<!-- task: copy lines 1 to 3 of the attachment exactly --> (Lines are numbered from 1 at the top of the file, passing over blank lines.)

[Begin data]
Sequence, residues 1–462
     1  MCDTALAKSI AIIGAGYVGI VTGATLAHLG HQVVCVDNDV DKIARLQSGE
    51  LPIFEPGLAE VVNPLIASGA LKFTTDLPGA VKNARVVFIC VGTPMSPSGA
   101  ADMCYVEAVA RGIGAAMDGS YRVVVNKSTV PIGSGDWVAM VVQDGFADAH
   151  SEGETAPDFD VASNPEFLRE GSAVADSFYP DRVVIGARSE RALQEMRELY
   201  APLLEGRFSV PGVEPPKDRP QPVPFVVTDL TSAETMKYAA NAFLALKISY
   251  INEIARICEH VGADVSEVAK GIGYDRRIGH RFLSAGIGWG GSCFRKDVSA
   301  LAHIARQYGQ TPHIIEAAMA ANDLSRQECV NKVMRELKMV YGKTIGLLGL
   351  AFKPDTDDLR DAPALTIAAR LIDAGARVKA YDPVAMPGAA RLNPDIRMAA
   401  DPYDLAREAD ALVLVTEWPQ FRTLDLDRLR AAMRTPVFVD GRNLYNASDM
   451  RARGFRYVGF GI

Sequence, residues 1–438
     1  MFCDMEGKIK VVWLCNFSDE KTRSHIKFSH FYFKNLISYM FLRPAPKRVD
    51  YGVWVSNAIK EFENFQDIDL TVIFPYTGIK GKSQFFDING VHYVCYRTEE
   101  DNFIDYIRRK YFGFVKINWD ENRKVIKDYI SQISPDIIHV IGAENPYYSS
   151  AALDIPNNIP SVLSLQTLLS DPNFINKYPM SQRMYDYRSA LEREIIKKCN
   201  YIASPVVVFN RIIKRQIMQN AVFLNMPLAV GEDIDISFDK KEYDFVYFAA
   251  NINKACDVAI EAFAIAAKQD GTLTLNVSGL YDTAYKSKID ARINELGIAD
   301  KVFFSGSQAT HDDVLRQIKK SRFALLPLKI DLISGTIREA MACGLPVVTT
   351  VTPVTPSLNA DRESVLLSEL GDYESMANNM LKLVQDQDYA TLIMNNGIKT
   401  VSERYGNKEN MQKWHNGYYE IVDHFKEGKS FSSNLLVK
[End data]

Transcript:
Sequence, residues 1–462
     1  MCDTALAKSI AIIGAGYVGI VTGATLAHLG HQVVCVDNDV DKIARLQSGE
    51  LPIFEPGLAE VVNPLIASGA LKFTTDLPGA VKNARVVFIC VGTPMSPSGA